Sunday is Easter … a celebration of resurrection, of reflecting on mistakes, and beginning life a new.  Sunday in Texas, the Rangers play the Astros to begin the season … a different kind of resurrection.  On Monday, the rest of the Major Leagues get underway.

April 1 … time for baseball to return … it has been away far too long.


Mom update …

March 25, 2013

I have very temporarily moved in to mom’s house since Spring Break is this week.  It has shortened trips to the hospital and will allow me to be with her as she transitions home.


The doctors are likely releasing her tomorrow.  She will be on oxygen, likely for the rest of her life.  She will also start pulmonary rehabilitation a few times a week.  Her breathing has improved for the most part, but yesterday they had to drastically increase her oxygen for a few hours after her exercise.  When she visits the University of Chicago, she will be assessed for entrance onto the lung transplant list.

She is starting to get down a bit.  She loves her job, and she worries that she will have to give that up.  While she is down a little, she is still in relatively good spirits, and really wants to get home to get cleaned up (tomorrow is her 7th day there).

Harvard quiz bowl cheating scandal

March 24, 2013

If you have been asleep for the past few days, you missed quiz bowl getting its biggest publicity boost ever.

A former player for Harvard was discovered to have accessed questions in the time leading up to national championship tournaments which he and his team happened to go on and win.  While cheating on his part had been suspected for a couple of years, it took a crack computer whiz reviewing the sponsoring company’s computer system history and some security upgrades to catch this guy (and three others).

I never actually met the guy, though I was probably in a room with him a few times.  He may have been pointed out to me.  He was greatly disliked in the quizbowl community.  Quizbowl attracts a slightly larger than normal (to the general population) group of people who are “on the spectrum” as we would say professionally, so the amount of over-the-top rage and wild speculation is rampant.  There have been those who have taken it on themselves to question the entire environment at Harvard because this is the second cheating scandal to hit Harvard in the past two years (and as anyone knows, cheating does not occur at the university level …. because if it did, it would make the news … which is why you know places like Virginia Commonwealth are clean).  Make sure your sarcasm detector was on for that last sentence.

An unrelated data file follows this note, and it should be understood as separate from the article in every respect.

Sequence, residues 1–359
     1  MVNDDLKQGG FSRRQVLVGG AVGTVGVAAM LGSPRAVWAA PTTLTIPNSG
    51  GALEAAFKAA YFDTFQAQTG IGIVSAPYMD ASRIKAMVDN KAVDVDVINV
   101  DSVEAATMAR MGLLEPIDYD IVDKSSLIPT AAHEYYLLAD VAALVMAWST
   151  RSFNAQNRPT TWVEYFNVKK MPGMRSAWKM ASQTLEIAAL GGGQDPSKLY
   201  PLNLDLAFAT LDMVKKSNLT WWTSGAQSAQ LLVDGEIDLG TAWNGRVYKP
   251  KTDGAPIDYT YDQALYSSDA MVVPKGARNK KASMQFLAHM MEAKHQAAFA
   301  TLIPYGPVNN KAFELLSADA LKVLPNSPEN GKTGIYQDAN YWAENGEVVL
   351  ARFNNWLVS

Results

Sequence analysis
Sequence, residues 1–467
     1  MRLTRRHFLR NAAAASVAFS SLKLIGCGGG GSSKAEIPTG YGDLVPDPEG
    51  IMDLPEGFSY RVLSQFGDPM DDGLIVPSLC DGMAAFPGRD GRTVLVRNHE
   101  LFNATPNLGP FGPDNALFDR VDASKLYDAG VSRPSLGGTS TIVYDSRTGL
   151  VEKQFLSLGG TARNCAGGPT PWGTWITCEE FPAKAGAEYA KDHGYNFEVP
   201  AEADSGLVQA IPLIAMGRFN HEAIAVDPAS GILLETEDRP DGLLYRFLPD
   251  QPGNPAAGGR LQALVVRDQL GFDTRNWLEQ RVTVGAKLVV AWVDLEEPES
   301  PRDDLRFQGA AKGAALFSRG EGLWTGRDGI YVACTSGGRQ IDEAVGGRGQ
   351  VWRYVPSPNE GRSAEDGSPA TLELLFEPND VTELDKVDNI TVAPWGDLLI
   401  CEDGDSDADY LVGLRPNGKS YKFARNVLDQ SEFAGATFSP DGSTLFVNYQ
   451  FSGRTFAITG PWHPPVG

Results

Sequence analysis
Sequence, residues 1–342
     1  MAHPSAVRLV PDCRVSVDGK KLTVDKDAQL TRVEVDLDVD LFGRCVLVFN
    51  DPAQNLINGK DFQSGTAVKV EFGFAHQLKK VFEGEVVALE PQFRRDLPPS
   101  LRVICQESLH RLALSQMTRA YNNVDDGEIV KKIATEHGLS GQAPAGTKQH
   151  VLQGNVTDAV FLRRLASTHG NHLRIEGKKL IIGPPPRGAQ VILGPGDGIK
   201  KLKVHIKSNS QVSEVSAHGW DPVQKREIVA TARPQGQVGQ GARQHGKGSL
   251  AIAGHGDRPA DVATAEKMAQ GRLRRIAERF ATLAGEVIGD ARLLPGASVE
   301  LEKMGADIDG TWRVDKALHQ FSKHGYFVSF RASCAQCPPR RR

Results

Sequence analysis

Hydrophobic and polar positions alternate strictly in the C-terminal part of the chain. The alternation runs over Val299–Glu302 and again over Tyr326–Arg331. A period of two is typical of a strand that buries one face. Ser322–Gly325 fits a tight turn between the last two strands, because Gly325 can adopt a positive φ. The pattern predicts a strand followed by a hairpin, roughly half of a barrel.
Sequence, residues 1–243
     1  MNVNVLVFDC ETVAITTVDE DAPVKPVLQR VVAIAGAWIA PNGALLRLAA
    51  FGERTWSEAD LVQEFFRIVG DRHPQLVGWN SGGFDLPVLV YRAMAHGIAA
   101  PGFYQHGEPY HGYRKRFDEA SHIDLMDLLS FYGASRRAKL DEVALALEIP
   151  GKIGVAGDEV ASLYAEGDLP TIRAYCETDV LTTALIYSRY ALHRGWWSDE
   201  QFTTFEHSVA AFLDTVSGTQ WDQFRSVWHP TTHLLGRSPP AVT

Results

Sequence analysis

However, there is a legitimate question that comes up, and that is security.  Quiz bowl tournaments occur all over the country practically every weekend from September through June.  The host school is generally responsible for the security of the questions, even though a vast majority of the host schools are fielding teams in that competition.  There is an unwritten honor system that exists among competitors since a very dedicated individual could probably get those questions if they really, really wanted to.

That said, the security of questions at the college and national level is practically airtight compared to the high school level (at least in Illinois).  In our state, the state tournament questions are sent to the host school a week before the tournament.  At many schools, the head coach is the only one who knows anything about the competition, and thus handles the questions, turning them over to the moderators.  It is far from a good system.  When I coached, I was always uncomfortable handling them, and did my best to make sure that I saw or heard nothing in advance.  Despite that, I still had a coach accuse me of cheating once (it was a situation where the coach was ignorant of the rules, and thought I was giving advice that could only come from a knowledge of the questions vs. knowledge of the rules).  It still irks me that there is someone out there who thinks I would stoop so low to cheat.

That said, I know there are coaches out there I wouldn’t trust with anything.  Some of them win quite a bit.  There’s no evidence, but I still wonder.

How do you clean up a competition that relies so heavily on the honor system?


For that matter, I think the company involved (NAQT) should be commended for ferreting out the problem and going public with the issue.  I hope in the future they will be more careful with who they hire, but I have had nothing but great relationships with the representatives of the company (including its president).

Not so good news …

March 23, 2013

Last week, mom started becoming a bit, progressively short of breath.  Naturally she did or said nothing to anyone.

By Tuesday, she was at work and gasping for breath.  Her boss the doctor admitted her to the hospital for testing.  Initially, the thought was a blood clot.  On Wednesday, as I was arriving to visit her, I found out that she was in surgery.  I also learned that when she was admitted, she was looking cyanotic, and had an oxygen blood saturation of about 67% (under 92% is considered abnormal).

When she came out, she was largely under anesthesia with a breathing tube down her throat.  The doctor informed me that the surgery (laproscopic) was to get pictures of the lungs,and to get a sample for a biopsy.  The doctor acknowledged that cancer was unlikely based on their observations, and noted that it was presenting in both lungs … more like an allergic reaction or hyper sensitivity.  He said it would be a few days to get the results.  The tube came out Thursday, and by today they had reduced the oxygen they were feeding her by nose.  The chest tube came out this morning.